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Film Review: This is the End



I have a friend who has little knowledge of modern pop culture. He saw only three new films in 2012: Beasts of the Southern Wild, Les Misérables, and at my request/demand, Seth MacFarlane’s brilliantly funny Ted. He enjoyed it (who doesn’t enjoy a pot-smoking teddy bear?), but was unable to fully appreciate how clever its humour was, as he didn’t understand any of the movie/tv references- to Flash Gordon or to Family Guy. I can’t imagine what he would make of This is the End, a film which almost entirely relies on references to its stars’ previous work, and the reputations and careers of other stars, for humour. It’s still, for someone familiar with the actors, a hilarious comedy.

Jay Baruchel, whom i’ve had little tolerance for in the past, is a very engaging and likable lead, as although he doesn’t have the most screen-time, he is the New York tourist in LA at the time of the Apocalypse who doesn’t fit in with James Franco and his friends. Seth Rogen, co-director, writer and producer, probably gets made fun of the least amongst the gang, although there is a laugh-out-loud scene towards the beginning during which Baruchel mocks his decision to go on a gluten-free diet. Jonah Hill comes out of this film looking like a 100% total douchebag, and it will take a while for me to forget about how much I hated him in This is the End. When he is possessed by a demon and Baruchel attempts to exorcise him, the film finds its strong point- a mix of mockery of its leads and the modern interpretation of religion. This scene is wildly funny, but has been used as a promotional clip, despite the fact it comes quite late on in the story. If I had not seen this clip three or four times in advance of the film, I would have appreciated it far more. Franco does a good job, and his interest in contemporary art is used to much avail as the butt of jokes.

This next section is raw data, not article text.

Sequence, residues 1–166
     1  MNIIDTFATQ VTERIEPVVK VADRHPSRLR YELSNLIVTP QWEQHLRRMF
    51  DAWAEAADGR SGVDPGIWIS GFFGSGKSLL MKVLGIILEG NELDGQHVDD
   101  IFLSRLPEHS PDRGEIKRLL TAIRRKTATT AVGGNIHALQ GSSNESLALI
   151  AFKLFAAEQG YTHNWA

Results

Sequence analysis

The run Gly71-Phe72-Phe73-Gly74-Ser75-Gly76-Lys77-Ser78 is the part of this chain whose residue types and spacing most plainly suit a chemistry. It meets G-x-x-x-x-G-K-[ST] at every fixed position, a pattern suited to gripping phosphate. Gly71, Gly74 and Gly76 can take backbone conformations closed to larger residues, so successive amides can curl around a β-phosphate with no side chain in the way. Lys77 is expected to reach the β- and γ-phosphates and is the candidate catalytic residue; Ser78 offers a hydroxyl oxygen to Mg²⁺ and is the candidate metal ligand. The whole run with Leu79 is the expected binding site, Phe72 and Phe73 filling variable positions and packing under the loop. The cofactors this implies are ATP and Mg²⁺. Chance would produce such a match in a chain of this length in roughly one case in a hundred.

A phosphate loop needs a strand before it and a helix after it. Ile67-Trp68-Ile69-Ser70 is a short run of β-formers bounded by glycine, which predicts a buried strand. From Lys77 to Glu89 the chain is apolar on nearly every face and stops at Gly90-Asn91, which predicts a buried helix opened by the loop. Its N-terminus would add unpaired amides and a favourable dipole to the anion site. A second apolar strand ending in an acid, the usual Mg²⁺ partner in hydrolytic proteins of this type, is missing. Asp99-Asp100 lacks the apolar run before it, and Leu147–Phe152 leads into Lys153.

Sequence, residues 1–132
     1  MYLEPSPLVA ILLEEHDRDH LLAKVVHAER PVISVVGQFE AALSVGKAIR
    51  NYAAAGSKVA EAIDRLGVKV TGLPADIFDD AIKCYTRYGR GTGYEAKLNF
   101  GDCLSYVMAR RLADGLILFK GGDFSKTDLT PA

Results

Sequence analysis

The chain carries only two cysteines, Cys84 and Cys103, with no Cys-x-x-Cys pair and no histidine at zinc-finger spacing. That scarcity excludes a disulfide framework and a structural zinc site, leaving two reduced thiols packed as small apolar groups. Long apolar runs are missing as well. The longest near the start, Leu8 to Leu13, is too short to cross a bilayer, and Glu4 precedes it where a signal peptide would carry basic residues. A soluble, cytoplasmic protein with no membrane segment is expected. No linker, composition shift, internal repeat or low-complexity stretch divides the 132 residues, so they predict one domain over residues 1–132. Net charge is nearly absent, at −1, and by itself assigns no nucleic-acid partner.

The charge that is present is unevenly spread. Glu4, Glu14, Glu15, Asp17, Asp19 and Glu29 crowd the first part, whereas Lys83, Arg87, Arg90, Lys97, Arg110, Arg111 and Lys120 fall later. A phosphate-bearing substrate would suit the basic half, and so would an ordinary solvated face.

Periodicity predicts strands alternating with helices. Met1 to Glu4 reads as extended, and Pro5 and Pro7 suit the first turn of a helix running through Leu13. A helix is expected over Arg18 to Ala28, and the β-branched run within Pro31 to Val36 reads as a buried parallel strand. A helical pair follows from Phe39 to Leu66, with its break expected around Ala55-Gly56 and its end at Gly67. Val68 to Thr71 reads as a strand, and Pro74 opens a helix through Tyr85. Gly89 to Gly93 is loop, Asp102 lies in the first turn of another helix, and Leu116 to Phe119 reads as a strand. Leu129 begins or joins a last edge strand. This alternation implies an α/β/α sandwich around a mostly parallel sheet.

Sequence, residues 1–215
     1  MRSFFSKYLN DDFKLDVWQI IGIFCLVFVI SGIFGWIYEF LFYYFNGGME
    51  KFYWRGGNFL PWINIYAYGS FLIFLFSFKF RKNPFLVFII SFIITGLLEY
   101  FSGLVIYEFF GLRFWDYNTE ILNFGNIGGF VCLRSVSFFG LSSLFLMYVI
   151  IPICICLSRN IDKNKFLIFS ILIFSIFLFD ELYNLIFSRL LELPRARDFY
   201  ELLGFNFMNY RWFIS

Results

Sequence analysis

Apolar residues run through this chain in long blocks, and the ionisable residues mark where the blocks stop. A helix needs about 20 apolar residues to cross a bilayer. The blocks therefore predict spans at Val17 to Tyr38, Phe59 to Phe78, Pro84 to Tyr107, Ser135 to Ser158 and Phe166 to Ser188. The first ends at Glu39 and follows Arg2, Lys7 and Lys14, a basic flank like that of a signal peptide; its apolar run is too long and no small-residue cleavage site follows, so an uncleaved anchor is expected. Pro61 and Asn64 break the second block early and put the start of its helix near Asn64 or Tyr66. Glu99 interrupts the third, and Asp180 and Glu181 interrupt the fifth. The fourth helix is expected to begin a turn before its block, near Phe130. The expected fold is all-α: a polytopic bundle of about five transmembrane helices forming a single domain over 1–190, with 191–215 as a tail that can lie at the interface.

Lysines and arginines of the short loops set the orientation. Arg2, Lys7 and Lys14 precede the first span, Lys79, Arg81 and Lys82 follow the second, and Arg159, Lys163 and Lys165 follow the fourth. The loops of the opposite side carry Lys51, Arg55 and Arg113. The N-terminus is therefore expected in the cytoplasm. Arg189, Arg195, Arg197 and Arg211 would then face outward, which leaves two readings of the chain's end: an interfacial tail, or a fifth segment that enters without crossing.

The action-horror climax is shockingly impressive, considering the film’s apparent $40m budget. A brief Backstreet Boys-related set-piece will go right over the heads of anyone who isn’t in the direct demographic of the film’s stars, including myself, who was not born in the US in the late 1980s. This is a surprisingly original comedy, and is far superior to most of the trash we are being offered right now. However, the script isn’t up to the plot’s ambitions, and overall lets the film down.

Grade: ★★★★

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Lucien writes on film, television and politics at and co-hosts the podcasts Above All Else and The 99%.

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